Originating near Thuamul-Rampur, the river Indravati makes its winding course through dense forests and sunkissed valleys till she halts at Khatiguda, 20 km from Nowrangpur, to form a reservoir in the hands of modern sculptors. The vast blue expanse guarded by green capped soaring hills makes this lake a delightful sight – a lifetime memory.
The Upper Indravati Project envisages diversion of water , of the indravati river in its upper reaches into the Mahanadi valley for power generation and irrigation. The project would involve construction of 4 dams across the Indravati and its tributaries 8 dykes and two inter-linking channels to from a single reservoir with a live capacity of 1435.5 Mcum, 4.32 km. tunnel, a power house with installation of 4 units of 150 MW each , 9 km. tail race channel and an irrigation barrage across Hati river with the associated irrigation canals.
Upper Indravati Hydro Electric Project has gone fully operation with the commissioning of Unit No.IV of the 600 MW (150 x 4) Hydro Power Project. Undeterred by the tunnel tragedy in 1991 and the World Bank’s unexpected withdrawal from its financial commitment, odisha Hydro Power Corporation took it over in 1996 and proceeded to complete the project against all odds. It had to access Rs.320 crores assistance from Power Finance Corporation (PFC) and raise funds from all possible internal sources to complete this project. The commissioning of Unit No. IV of Upper Indravati Hydro Electric Project has added one more feature to OHPC’s cap. Envisaged in 1978 with an estimated investment of Rs.208.15 crores, the project cost has gone up during the past 23 years. Despite the cost escalating to Rs.1107 crores due to the delay in completion, the project enjoys the advantages of having less than Rs.2 crores investment per MW installation. Besides, Indravati provides one of the cheapest and most environment friendly power among the present generation of power projects i.e. 64.96 paise per KWH. Though project work started way back in 1978, it gained momentum only after OHPC took over. While the first two units of the hydro project were commissioned in 1999, the third unit and fourth went operational during the year 2000 and 2001.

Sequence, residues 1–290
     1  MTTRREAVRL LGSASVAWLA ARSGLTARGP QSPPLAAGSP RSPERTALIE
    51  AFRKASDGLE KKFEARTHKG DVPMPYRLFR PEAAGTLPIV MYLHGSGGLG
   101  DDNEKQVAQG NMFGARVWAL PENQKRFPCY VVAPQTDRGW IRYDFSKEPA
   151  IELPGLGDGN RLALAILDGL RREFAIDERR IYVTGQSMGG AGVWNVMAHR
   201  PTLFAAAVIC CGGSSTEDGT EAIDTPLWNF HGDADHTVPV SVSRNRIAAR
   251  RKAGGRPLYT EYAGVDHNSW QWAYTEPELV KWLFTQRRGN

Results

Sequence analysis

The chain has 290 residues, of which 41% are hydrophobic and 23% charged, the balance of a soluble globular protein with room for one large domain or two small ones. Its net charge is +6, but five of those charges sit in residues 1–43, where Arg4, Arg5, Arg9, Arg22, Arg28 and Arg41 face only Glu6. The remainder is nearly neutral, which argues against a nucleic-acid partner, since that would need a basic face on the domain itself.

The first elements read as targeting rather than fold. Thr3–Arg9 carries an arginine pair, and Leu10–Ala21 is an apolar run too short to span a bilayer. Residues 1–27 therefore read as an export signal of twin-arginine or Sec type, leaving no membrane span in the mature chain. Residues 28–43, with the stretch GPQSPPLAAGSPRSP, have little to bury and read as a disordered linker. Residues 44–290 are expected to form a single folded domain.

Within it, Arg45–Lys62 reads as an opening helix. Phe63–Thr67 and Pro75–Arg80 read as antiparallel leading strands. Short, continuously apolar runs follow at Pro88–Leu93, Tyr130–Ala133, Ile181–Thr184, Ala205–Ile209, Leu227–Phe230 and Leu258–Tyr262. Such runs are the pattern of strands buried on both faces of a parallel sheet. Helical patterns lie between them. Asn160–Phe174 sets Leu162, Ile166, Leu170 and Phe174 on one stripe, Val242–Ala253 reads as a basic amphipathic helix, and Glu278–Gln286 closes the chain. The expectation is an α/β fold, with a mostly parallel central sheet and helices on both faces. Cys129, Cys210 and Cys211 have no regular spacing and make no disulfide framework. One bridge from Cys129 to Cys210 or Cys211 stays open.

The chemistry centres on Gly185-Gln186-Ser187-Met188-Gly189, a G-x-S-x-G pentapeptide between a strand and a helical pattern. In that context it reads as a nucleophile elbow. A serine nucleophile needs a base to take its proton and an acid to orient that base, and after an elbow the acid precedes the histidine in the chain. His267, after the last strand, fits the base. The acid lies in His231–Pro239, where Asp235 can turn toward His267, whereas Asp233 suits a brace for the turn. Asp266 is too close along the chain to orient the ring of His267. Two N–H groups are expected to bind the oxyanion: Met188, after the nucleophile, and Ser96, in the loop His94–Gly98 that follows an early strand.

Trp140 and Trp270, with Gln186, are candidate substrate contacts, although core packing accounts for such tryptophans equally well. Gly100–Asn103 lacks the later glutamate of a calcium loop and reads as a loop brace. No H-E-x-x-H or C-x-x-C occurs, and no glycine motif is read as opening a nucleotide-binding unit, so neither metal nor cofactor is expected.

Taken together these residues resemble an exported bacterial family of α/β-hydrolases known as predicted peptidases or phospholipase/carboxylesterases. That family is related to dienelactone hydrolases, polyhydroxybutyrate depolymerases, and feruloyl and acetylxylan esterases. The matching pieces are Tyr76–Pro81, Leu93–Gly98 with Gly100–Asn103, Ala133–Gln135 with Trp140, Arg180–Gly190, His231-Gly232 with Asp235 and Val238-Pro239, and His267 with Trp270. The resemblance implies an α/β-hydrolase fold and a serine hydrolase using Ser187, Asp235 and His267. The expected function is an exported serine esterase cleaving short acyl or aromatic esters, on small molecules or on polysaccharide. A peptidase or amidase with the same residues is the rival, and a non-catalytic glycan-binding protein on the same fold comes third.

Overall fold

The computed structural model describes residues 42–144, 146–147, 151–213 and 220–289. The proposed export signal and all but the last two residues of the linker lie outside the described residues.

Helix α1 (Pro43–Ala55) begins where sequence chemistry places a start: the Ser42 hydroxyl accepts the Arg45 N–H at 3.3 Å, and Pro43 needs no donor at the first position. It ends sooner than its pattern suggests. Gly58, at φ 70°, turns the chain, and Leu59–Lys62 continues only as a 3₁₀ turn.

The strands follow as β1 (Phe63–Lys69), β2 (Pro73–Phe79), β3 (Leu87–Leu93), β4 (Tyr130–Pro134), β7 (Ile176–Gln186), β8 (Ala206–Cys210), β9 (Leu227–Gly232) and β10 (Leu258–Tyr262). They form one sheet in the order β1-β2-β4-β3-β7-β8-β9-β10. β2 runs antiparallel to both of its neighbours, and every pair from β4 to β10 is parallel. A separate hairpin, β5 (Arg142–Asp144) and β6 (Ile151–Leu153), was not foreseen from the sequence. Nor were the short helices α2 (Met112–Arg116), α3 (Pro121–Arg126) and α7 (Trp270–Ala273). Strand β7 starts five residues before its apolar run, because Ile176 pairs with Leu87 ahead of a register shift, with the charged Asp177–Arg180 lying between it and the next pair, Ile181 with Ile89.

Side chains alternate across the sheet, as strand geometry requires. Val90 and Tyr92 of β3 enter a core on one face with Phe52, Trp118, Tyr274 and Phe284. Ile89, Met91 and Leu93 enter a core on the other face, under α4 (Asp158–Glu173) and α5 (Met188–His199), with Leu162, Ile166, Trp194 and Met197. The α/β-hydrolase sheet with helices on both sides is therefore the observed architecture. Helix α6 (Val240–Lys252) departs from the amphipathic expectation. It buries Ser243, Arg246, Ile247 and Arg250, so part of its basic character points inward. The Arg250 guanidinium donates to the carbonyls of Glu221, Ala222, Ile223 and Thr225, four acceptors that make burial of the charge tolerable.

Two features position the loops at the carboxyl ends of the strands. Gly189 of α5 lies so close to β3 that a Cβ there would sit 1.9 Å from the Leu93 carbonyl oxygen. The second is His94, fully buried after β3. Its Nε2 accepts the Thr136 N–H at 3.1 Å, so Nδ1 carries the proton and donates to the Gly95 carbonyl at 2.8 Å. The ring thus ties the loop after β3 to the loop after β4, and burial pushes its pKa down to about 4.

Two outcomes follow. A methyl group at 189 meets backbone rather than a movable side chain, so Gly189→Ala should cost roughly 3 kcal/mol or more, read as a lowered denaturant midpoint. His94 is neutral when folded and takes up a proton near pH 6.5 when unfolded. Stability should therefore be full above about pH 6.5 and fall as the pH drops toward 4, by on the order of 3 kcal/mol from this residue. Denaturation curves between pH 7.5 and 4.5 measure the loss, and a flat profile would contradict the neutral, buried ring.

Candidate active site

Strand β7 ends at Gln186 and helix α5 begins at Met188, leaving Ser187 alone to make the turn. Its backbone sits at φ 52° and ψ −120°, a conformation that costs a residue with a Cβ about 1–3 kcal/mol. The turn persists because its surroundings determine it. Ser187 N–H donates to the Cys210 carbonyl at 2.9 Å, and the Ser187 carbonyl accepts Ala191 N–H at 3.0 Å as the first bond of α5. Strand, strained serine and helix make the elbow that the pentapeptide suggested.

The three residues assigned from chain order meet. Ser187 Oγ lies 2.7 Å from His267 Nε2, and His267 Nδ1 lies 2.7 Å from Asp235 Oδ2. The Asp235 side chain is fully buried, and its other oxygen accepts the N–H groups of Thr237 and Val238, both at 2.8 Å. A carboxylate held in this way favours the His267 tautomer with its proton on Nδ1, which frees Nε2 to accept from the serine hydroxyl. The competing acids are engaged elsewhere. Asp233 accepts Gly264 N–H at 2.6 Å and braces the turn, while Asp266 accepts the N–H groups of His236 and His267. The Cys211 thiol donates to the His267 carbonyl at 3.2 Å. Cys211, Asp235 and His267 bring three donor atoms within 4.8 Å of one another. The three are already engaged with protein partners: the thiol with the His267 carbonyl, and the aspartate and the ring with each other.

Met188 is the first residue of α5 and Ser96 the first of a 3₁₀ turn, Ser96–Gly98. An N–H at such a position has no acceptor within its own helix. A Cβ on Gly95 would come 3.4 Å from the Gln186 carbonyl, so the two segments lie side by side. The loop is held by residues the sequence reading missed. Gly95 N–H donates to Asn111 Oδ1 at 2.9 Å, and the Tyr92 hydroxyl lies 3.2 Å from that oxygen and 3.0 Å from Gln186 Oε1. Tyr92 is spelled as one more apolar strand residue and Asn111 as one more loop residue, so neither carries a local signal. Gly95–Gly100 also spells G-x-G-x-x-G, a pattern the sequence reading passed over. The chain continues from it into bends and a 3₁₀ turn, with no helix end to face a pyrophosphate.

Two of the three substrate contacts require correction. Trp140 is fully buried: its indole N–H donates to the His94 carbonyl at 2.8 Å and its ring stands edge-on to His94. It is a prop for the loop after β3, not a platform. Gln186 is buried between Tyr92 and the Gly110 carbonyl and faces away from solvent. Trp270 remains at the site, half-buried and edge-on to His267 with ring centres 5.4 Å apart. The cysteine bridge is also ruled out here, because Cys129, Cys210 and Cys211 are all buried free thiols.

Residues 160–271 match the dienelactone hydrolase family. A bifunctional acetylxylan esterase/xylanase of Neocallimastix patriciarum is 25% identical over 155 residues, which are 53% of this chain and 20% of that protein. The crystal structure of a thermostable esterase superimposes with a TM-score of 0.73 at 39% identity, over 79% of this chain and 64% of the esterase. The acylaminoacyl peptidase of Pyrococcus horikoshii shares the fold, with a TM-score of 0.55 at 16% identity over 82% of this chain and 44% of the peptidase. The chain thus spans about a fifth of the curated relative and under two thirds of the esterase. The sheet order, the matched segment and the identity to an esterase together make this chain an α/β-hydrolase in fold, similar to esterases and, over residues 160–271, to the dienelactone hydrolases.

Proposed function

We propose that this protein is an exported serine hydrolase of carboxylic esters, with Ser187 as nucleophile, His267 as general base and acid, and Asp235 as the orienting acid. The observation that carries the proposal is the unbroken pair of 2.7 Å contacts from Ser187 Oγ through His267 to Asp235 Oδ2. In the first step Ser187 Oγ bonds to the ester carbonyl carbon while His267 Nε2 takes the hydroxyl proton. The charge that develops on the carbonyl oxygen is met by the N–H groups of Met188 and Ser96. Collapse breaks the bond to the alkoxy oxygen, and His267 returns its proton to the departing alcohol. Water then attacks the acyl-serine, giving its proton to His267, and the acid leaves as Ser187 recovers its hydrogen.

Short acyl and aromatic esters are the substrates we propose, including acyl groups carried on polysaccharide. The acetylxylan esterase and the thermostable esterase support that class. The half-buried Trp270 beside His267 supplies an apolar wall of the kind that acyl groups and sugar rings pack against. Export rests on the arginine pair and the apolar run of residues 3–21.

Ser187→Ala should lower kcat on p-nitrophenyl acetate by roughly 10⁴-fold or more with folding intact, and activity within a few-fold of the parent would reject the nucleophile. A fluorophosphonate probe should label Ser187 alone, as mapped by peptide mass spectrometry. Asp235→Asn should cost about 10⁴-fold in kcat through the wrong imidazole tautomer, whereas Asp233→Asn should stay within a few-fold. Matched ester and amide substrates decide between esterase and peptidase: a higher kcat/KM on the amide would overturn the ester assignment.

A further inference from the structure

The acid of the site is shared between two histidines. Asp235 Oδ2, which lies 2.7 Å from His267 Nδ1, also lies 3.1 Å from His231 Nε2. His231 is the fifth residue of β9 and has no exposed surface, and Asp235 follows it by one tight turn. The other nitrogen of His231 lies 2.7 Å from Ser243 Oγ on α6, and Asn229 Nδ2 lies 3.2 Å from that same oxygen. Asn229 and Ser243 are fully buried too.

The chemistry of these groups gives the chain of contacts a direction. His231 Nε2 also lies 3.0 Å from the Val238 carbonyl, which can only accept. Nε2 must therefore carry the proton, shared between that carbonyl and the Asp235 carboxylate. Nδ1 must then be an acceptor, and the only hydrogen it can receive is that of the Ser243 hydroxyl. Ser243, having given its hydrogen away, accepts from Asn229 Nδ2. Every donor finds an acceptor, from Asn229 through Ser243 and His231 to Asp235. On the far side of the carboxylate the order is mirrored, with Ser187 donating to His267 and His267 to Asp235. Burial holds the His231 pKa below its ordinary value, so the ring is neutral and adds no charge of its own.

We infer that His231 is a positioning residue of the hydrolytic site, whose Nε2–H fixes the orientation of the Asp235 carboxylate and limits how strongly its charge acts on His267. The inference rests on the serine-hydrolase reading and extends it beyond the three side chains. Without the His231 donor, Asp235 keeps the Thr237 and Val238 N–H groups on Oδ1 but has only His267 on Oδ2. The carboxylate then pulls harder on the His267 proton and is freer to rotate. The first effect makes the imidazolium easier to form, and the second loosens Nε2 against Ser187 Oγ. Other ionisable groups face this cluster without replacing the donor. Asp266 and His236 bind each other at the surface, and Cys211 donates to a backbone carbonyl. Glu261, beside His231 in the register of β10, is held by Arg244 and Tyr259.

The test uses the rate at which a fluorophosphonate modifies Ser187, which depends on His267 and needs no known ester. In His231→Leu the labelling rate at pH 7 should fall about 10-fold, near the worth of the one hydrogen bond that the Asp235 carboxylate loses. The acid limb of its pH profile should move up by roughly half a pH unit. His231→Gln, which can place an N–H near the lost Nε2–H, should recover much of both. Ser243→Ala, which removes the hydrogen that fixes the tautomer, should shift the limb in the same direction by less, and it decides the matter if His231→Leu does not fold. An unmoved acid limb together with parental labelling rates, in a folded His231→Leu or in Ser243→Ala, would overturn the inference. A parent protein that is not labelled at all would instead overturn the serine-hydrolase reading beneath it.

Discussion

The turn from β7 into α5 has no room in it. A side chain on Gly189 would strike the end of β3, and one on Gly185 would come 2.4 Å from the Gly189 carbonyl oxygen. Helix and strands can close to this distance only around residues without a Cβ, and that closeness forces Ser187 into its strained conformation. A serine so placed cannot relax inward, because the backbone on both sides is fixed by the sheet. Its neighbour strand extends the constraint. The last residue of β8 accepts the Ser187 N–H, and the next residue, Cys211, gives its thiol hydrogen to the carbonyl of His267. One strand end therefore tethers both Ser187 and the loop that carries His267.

Started with World Bank assistance, Upper Indravati Project is considered one of the largest multi-purpose projects in India. Situated in drought prone districts of Kalahandi and Nawarangpur in odisha, the project also envisages transbasin diversion of water of river Indravati (Godavari basin) to river Hati (Mahanadi basin). The project provides irrigation to more than one lakh hectres of land.
On being fully commissioned, it now, is not only one of the largest power stations in odisha but also in the entire region and will play a crucial role in bridging the projected deficit during peak hours in the 10th plan.